If you're more of a nature baby, a short walk away is the garden of plants and flowers, Planten un Blomen, a garden of landscaped parks, themed gardens and a Japanese tea house. Strongly recommend a visit! A lot of the park is paved or accessible to wheelchair users, and regular cafes, seating spaces and benches make it relatively disability friendly. Accessible toilet access is limited, so planning your visit with a map would be ideal. Photo credit Fabian Wolf on Unsplash; RR-Photos at Unsplash; Moritz Kindler on Unsplash; Kieran Sheehan on Unsplash.

16:00 - 17:00

Beatles-Platz

Reeperbahn 174, 20359 Hamburg, Germany
Hamburg is the iconic home of the Beatles - some would say even more so than Liverpool! This unique instalment across the space shows the band, including early members, in metal silhouettes - try and line yourself up inside one at the right angle for a cool picture. If you're here, likely a bit of a Beatles fan, you'd do well to check out Gretel & Alfons, just up Große Freiheit, the bar the Beatles often frequented, and the origin of a lot of classic we know today. Grab a pint and check out the incredible original wood panelling in the interior and the walls full of memorabilia. Photocredit to tupungato on Unsplash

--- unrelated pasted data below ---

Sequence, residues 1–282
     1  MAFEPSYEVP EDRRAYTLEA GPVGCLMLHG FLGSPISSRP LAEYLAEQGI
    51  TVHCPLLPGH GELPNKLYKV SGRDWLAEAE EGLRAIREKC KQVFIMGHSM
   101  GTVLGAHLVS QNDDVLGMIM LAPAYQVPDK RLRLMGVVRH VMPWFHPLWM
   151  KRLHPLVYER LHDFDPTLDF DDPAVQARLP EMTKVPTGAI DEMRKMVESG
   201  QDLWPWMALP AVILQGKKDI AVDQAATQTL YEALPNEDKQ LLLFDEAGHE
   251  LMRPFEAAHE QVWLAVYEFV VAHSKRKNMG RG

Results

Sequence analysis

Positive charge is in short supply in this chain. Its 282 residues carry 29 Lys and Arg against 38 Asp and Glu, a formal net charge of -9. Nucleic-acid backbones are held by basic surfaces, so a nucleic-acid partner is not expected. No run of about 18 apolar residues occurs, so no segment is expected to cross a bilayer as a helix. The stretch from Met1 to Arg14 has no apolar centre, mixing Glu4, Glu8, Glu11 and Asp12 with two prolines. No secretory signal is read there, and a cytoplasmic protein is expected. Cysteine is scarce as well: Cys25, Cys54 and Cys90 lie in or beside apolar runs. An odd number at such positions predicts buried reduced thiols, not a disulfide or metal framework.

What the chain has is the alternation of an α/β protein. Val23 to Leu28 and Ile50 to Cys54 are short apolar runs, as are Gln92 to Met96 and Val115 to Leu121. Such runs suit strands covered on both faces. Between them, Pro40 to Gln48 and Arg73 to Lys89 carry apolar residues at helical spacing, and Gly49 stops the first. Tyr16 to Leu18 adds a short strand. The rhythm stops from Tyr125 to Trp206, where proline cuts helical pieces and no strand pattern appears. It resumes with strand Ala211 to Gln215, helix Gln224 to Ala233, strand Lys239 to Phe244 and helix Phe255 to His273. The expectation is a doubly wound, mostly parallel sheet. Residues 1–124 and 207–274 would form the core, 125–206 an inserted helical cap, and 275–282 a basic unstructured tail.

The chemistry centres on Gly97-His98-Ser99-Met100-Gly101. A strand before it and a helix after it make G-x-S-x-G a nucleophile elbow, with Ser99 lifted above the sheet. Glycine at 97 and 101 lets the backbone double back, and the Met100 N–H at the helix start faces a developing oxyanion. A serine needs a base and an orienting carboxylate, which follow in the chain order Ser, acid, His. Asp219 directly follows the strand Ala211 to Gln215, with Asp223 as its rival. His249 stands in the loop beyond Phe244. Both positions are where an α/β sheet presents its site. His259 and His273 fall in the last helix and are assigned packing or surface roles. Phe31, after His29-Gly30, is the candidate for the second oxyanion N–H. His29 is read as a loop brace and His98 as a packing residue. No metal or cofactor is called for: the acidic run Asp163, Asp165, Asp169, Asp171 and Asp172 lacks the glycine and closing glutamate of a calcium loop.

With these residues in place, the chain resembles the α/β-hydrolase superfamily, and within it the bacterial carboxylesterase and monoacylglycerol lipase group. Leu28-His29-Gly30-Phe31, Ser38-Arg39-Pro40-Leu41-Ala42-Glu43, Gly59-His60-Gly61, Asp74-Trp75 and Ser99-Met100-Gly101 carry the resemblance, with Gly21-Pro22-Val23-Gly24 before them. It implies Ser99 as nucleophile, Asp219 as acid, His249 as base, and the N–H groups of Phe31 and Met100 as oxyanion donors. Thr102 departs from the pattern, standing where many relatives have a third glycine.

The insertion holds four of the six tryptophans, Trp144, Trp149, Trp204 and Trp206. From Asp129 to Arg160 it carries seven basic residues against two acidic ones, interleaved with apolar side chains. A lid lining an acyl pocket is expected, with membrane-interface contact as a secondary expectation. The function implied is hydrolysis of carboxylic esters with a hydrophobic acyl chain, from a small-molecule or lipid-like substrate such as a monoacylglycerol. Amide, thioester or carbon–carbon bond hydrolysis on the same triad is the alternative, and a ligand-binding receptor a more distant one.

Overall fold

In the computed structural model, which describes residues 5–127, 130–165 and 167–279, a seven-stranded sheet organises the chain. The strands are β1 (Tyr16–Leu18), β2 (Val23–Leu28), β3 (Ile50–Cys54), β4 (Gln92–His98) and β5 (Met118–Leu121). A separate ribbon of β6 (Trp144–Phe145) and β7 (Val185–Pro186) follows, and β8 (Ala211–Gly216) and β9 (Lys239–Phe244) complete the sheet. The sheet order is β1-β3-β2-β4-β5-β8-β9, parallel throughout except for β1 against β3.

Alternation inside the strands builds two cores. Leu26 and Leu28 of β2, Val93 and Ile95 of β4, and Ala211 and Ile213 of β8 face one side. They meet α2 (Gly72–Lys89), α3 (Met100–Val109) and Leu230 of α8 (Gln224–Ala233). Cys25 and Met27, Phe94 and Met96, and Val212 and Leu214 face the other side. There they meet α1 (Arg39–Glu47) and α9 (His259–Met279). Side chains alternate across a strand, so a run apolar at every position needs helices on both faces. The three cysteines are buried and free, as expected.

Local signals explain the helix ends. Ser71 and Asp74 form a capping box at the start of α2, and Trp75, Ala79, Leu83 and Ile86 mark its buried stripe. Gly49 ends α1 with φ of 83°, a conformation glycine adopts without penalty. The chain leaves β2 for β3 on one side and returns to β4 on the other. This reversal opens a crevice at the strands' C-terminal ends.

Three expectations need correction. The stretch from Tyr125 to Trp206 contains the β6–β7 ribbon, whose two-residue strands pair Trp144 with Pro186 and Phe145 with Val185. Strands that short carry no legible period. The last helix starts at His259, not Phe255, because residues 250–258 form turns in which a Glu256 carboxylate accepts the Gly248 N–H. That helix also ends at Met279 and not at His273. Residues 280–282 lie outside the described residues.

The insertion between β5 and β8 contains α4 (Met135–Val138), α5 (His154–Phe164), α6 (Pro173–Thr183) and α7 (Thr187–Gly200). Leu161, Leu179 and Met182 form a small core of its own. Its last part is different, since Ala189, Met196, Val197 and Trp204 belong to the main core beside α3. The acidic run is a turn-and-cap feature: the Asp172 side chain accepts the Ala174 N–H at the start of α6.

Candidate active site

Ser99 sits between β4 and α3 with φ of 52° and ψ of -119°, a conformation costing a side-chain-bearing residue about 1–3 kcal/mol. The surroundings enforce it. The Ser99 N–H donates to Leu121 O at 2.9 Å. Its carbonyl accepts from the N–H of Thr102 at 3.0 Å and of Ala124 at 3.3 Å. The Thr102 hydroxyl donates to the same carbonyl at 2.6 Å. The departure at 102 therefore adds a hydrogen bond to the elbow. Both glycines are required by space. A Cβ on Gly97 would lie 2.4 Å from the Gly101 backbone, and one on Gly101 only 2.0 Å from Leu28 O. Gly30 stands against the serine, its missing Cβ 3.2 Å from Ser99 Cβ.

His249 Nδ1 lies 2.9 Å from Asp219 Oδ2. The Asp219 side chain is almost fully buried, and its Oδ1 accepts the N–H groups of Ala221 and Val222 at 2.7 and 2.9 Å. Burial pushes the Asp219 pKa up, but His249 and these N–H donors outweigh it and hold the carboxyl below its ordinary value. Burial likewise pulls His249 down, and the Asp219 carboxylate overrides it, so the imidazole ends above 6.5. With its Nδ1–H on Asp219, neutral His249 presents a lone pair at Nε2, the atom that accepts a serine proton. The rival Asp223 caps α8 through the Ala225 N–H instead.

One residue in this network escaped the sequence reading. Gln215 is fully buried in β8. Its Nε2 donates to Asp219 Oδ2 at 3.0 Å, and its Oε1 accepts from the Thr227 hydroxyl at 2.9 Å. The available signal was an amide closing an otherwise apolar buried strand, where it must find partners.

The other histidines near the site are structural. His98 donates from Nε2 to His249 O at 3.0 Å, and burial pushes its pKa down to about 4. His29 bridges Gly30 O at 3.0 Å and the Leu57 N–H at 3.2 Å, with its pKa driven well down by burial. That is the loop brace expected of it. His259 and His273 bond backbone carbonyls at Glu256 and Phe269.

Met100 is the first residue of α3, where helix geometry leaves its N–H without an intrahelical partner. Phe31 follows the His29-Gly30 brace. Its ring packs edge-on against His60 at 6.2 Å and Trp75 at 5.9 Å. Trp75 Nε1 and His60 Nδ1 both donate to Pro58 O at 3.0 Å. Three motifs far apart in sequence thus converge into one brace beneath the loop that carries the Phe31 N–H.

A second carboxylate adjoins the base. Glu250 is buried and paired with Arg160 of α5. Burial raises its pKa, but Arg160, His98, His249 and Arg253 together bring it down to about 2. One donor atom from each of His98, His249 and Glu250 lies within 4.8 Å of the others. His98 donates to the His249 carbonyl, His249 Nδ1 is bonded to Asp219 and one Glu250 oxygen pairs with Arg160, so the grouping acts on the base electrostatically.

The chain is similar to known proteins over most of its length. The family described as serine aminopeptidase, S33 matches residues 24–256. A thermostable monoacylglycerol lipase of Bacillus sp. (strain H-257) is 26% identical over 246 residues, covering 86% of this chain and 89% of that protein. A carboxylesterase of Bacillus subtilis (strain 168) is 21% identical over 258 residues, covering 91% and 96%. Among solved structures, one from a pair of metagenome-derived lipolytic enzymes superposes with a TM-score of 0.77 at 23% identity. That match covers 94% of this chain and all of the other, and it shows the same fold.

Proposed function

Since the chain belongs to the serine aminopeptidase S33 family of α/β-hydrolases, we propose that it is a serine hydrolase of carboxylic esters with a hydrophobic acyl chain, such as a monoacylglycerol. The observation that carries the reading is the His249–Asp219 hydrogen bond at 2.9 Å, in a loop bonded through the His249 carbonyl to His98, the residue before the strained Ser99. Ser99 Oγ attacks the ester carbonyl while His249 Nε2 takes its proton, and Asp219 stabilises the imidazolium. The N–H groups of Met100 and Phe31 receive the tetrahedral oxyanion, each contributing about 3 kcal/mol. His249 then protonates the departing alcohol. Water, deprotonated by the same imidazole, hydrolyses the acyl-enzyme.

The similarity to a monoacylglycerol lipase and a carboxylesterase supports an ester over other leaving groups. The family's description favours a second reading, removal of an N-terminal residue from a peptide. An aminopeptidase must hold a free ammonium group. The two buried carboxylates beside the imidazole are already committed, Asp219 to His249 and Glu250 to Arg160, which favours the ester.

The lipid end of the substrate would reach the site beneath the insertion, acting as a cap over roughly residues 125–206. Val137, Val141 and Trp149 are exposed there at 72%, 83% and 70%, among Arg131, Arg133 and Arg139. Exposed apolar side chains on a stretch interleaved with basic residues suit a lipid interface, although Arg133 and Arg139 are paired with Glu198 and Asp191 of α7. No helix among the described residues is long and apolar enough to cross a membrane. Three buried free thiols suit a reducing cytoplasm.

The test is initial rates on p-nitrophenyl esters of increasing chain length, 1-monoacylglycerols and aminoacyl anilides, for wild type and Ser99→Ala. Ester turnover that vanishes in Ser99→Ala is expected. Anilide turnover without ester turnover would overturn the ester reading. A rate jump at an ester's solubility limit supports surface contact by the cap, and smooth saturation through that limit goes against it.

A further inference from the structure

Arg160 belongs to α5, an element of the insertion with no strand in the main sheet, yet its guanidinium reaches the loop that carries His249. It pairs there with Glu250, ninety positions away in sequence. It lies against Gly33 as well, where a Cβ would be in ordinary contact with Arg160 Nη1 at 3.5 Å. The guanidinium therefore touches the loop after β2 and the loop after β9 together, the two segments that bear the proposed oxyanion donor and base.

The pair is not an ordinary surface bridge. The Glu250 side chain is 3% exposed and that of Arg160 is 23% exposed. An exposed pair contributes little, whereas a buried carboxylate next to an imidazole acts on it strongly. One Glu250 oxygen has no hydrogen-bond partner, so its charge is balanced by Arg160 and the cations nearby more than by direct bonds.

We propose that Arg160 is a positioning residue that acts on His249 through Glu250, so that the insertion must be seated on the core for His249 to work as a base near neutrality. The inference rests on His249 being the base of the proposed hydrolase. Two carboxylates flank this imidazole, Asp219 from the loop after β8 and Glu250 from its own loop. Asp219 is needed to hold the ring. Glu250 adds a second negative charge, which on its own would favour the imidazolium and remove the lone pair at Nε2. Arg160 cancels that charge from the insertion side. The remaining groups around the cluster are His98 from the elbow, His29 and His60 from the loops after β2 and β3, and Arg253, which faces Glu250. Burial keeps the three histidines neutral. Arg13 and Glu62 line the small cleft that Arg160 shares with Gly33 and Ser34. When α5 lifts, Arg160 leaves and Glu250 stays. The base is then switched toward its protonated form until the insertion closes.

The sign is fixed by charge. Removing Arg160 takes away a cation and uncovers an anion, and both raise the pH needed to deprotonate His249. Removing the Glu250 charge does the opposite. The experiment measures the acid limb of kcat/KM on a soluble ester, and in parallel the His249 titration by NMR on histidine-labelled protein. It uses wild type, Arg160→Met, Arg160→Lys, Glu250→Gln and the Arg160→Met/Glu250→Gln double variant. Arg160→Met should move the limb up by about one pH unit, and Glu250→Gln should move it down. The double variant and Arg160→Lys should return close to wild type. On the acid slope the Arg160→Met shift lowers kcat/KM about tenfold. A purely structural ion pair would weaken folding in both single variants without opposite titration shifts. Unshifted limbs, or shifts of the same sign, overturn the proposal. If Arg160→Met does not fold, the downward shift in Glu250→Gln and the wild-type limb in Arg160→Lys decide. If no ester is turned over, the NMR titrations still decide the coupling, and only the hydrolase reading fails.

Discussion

17:30 - 20:30

Reeperbahn

Reeperbahn, Hamburg, Germany
Well known as the red light district, the Reeperbahn actually has so much more to offer. Unassuming in the daytime, you want to take a walk through this district after dark to see the incredible show of neon lights - although naturally, not a child friendly activity. Whilst the signs advertising sex shows and other activities are plentiful, they're interspersed with the city's buzzing nightlife, and the Reeperbahn and St Pauli are full of clubs, bars, and restaurants that don't carry that same red light tag. The streets round here are pretty uneven, and often incredibly busy, most of all on a Friday and Saturday night (although this is the best time to go). Whilst it's not impossible to navigate in a wheelchair or for those with mobility difficulties, you'll perhaps want to brace yourself. Photo credit to Kai Pilger on Unsplash; Michael Kucharski on Unsplash; Vicky Hladynets on Unsplash